Susan Elizabeth Phillips

Breathing Room

© 2002

To Michael Spradlin and Brian Grogan

Every author should be lucky enough to have the two of you in her corner. This is just in case you don’t know how much I appreciate you.


I am so grateful to Alessandro Pini and Elena Sardelli for showing me the beauties of Tuscany. Bill, I couldn’t have had a better companion on those unforgettable walks than you, even if you had to squeeze those (fabulous) shoulders into the tiny Italian showers. I am especially grateful that Maria Brummel came into my life at just the right time to help with the Italian translations. (Thanks, Andy, for having the good sense to marry such a wonderful young woman.) Thank you, too, Michele Johnson and Cristina Negri for your invaluable help when I needed it most.

Once again, my fellow writers came to my aid with their knowledge and insight, especially Jennifer Crusie, Jennifer Greene, Cathie Linz, Lindsay Longford, and Suzette Vann. Jill Barnett, Kristin Hannah, Jayne Ann Krentz, and Meryl Sawyer, I can’t imagine doing this job without the friendship and phone calls. Barbara Jepson, you were the best present I’ve ever given myself. Without the many things you do for me so efficiently and cheerfully, I’d have no time to write.

Thanks, Zach Phillips, for sharing your wisdom about metaphysics and human behavior patterns. Lydia, you’re not only the best sister in the world but the best listener, too. We’ll always have Paris! Steven Axelrod, I’m eternally grateful for the way your steady hand keeps us on course. Ty and Dana, sharing your happiness has brought me such joy this past year. To the “Seppies” on my website bulletin board-you’re the world’s best cheerleaders. Cissy Hartley and Sara Reyes have done an incredible job creating and maintaining my website. And to all the readers who write me such wonderful letters and send that encouraging e-mail, thank you so much. It’s a great way to start the day.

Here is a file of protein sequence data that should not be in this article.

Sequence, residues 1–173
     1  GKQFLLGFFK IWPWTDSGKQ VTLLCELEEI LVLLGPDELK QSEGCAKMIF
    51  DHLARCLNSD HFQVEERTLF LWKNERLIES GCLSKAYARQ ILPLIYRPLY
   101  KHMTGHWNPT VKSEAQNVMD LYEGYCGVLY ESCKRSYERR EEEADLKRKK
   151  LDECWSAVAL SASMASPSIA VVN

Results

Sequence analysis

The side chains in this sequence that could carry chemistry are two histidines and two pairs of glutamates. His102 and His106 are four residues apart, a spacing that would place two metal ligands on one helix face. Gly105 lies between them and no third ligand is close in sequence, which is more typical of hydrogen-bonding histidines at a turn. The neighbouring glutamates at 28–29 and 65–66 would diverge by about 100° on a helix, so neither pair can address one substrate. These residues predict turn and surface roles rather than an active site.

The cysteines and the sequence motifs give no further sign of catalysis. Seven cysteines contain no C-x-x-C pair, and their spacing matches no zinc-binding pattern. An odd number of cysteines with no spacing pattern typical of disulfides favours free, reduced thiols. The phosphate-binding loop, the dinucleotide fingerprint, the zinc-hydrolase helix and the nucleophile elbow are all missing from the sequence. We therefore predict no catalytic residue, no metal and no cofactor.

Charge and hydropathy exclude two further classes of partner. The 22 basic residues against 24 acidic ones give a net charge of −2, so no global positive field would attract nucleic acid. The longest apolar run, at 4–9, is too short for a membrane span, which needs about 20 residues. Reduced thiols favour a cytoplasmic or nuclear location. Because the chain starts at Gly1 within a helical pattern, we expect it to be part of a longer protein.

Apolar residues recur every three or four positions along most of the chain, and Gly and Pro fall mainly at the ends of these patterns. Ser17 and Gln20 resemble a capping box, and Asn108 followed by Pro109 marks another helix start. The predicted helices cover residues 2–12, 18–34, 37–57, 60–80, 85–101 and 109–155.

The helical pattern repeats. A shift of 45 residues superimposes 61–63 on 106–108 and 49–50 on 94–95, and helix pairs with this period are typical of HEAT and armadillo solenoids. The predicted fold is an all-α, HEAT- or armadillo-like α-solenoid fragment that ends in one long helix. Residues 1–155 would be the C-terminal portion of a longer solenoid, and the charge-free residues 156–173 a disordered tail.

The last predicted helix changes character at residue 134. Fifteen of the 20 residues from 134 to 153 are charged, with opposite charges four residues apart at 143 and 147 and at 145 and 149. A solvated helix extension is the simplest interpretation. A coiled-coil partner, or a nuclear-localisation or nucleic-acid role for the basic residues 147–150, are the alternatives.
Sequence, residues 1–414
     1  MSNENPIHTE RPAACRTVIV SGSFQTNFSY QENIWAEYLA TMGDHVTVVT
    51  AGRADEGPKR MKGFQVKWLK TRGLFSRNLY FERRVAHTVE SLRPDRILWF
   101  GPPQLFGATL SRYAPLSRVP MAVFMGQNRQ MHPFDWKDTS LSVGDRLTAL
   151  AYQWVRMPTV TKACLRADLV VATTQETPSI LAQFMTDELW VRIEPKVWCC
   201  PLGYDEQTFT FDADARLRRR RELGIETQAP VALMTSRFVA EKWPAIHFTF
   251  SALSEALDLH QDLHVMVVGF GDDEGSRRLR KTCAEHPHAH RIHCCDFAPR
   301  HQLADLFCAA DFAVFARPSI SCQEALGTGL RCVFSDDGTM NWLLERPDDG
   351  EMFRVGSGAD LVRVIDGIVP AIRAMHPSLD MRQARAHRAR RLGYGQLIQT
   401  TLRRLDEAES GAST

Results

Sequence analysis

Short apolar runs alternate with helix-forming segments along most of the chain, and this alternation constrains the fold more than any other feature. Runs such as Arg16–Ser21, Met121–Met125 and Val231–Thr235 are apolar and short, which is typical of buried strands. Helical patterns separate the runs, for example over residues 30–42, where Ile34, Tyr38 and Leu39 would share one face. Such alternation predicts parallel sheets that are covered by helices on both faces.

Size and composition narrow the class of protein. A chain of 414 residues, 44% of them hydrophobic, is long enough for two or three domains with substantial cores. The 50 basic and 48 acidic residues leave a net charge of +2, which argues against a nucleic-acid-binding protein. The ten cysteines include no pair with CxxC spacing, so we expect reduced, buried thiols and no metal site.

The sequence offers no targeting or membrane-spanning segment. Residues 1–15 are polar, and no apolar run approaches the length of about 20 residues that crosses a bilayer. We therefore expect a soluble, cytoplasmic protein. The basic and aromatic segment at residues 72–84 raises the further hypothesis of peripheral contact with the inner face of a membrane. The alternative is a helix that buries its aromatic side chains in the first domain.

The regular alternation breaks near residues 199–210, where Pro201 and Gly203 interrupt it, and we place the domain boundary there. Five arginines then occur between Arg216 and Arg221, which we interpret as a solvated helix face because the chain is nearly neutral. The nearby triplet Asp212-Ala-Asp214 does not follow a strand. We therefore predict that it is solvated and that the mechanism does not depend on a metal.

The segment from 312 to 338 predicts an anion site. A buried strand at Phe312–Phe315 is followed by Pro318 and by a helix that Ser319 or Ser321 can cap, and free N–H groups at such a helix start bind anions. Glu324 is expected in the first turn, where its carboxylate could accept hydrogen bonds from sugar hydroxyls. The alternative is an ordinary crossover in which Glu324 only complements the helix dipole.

It is long past time for me to recognize the talented and enthusiastic people at William Morrow and Avon Books who so frequently go above and beyond the call of duty for me. Carrie Feron, my gifted editor and guardian, has also been a wonderful friend. I am deeply indebted to all of the people who market and sell my books, design my beautiful covers, and cheer me on. These include Richard Aquan, Nancy Anderson, Leesa Belt, George Bick, Shannon Ceci, Geoff Colquitt, Ralph D’Arienzo, Karen Davy, Darlene Delillo, Gail Dubov, Tom Egner, Seth Fleischman, Josh Frank, Jane Friedman, Lisa Gallagher, Cathy Hemming, Angela Leigh, Kim Lewis, Brian McSharry, Judy Madonia, Michael Morrison, Gena Pearson, Jan Parrish, Chadd Reese, Rhonda Rose, Pete Soper, Debbie Stier, Andrea Sventora, Bruce Unck, and Donna Waitkus. You’re the best!


Dr. Isabel Favor prized neatness. During the week she wore exquisitely tailored black suits with tasteful leather pumps and a strand of pearls at her throat. On weekends she favored tidy sweater sets or silk shells, always in a neutral palette. A well-cut bob and an assortment of expensive beauty products generally tamed her blond hair’s inclination to rearrange itself into disobedient curls. If that failed, she resorted to narrow velvet headbands.